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Reducing stroke risk through Watchman

Tiny device considered big breakthrough

SCRANTON, LACKAWANNA COUNTY (WBRE/WYOU) - A major risk for stroke is atrial fibrillation or AFib for short. Many AFib patients are treated with blood thinners but that can be dangerous for those at risk of bleeding.

The chance of surviving an AFib-related stroke is very small. As Eyewitness News Healthbeat Reporter Mark Hiller explains, a device that's roughly the size of a quarter is helping prevent strokes and helping save lives. "Any clot that might form back here can't get out into the heart and then get pumped to the brain," said Commonwealth Health Cardiac Electrophysiologist Matthew Stopper, MD. He's talking about a rather small device called the Watchman which provides a big line of defense for clot-related strokes in AFib patients. "It literally just plugs the opening of this outpouching or this appendage so that any clot that might form behind it can't get out. It can't get out into the blood stream."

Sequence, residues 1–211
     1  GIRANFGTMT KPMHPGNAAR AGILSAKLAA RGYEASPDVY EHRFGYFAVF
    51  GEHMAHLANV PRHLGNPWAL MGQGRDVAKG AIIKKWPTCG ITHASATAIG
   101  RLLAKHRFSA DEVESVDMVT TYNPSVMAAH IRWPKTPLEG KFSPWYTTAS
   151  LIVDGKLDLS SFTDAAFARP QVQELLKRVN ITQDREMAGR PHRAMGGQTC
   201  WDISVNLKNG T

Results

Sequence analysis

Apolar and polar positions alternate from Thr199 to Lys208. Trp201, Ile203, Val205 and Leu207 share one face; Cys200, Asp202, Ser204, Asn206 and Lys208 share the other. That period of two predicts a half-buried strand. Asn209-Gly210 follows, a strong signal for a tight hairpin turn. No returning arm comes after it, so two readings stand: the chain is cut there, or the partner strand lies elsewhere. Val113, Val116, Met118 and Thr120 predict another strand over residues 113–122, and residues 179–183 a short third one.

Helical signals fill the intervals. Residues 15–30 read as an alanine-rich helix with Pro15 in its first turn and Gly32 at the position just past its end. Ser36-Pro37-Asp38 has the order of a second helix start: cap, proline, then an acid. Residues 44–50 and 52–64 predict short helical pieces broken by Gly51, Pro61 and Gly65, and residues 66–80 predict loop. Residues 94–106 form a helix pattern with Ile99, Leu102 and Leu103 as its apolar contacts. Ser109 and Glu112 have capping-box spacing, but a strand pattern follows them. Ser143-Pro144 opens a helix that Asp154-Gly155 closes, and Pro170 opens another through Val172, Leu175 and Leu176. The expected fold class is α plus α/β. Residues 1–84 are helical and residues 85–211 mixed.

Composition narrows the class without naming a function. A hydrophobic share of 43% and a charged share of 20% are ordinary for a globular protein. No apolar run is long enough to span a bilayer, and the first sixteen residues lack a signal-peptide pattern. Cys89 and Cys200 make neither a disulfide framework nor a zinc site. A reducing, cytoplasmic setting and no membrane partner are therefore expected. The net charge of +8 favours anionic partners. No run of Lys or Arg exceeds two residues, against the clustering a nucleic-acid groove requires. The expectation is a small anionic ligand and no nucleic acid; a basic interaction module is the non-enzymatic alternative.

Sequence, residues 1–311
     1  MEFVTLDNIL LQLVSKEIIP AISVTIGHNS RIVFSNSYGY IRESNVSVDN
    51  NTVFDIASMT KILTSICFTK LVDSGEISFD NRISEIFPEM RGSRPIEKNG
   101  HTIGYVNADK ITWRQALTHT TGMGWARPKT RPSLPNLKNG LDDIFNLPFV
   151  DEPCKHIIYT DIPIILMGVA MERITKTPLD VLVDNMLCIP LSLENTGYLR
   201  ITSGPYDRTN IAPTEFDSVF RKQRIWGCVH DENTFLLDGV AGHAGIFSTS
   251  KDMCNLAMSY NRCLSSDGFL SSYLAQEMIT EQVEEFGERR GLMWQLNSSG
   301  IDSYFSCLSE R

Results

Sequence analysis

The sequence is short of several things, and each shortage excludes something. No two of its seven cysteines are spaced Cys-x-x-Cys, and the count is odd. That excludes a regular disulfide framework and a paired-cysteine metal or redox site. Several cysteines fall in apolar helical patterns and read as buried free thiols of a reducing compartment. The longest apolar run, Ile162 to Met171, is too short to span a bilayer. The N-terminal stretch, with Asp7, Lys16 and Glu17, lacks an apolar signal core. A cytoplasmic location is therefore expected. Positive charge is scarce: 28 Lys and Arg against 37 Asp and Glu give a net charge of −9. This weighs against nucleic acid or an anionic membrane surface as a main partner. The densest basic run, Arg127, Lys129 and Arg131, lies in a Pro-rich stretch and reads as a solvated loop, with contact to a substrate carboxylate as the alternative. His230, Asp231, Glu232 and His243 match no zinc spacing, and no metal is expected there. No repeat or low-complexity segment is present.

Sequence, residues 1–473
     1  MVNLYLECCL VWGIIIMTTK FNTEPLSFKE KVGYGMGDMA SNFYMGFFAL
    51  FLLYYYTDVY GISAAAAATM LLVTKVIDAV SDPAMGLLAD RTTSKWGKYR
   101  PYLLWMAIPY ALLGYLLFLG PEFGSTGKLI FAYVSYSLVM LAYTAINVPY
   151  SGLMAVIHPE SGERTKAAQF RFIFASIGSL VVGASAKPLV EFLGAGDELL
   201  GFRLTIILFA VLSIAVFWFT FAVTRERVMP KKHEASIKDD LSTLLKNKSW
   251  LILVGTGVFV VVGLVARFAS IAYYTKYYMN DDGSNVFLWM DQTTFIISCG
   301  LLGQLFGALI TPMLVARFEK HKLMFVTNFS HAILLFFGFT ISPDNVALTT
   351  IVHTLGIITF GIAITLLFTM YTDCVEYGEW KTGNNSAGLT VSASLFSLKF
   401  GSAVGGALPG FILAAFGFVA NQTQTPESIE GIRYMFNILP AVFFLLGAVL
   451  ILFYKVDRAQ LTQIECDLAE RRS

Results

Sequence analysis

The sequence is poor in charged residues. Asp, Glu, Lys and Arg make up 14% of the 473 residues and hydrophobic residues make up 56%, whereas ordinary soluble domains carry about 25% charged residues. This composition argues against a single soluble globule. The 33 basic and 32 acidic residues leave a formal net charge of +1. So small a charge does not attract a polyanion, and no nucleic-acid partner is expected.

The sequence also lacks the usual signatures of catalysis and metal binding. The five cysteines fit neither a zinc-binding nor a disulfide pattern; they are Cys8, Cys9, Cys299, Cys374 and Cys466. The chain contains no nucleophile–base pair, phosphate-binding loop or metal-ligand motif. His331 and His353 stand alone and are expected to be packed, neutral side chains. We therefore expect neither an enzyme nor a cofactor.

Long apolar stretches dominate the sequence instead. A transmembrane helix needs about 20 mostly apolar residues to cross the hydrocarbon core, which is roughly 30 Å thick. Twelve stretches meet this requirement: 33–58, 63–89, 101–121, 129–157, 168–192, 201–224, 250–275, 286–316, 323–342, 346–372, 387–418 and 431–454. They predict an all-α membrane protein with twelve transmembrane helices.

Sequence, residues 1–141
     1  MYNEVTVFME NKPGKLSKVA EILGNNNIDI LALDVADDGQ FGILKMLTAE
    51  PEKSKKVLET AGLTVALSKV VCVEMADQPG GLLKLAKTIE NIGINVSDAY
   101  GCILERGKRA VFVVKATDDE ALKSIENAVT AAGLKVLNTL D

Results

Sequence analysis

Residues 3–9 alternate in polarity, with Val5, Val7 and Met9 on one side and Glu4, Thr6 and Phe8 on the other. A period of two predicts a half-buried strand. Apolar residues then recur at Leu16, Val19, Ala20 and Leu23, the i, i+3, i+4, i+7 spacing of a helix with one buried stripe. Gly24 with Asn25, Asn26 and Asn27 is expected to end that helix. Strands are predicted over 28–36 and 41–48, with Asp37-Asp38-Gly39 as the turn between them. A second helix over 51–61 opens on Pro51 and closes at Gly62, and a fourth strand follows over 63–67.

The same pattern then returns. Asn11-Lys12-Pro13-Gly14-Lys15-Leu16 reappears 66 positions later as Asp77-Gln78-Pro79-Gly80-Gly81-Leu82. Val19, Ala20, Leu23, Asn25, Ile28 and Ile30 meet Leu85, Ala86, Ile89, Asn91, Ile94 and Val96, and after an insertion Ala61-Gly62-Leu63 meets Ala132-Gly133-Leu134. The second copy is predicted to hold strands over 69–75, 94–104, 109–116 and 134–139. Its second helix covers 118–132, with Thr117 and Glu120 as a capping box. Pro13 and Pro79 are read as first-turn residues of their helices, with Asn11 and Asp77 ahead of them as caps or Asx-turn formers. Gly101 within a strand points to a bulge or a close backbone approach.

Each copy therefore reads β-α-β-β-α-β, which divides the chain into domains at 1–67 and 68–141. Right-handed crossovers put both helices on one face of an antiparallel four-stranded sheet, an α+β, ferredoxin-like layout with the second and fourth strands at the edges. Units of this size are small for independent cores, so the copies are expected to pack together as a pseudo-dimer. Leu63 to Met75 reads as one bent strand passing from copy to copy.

That is critical since roughly 90 percent of stroke-causing clots that form during AFib occur in the left atrial appendage. AFib patients are considered five times more likely to suffer a devastating stroke by one of those clots that can cut off blood supply to the brain.

Implanting the Watchman is considered a minimally invasive procedure. Dr. Stopper inserts a catheter through the groin then brings it into the upper right chamber of the heart across the thin wall between the two chambers. "We slowly deploy the device through the catheter into proper position in the left atrial appendage."

The procedure takes about an hour which Dr. Stopper says requires patients to stay overnight in the hospital. "The next day we usually do an ultrasound of the heart to make sure everything is where we left it and they would go home later that morning."

Dr. Stopper and his team have implanted the Watchman in about a dozen patients in four months. The device gives new hope to AFib patients who risk major bleeding by using blood thinners or risk a major stroke by being off them. "Getting the Watchman device seems to reduce the risk of stroke as being on a blood thinner," said Dr. Stopper who performs the procedure at Regional Hospital of Scranton.

Once the Watchman is implanted, it's considered a permanent part of the patient's body. The device is covered by insurance but only if the patient cannot tolerate blood thinners or has an occupation with an increased risk for injury such as a firefighter.


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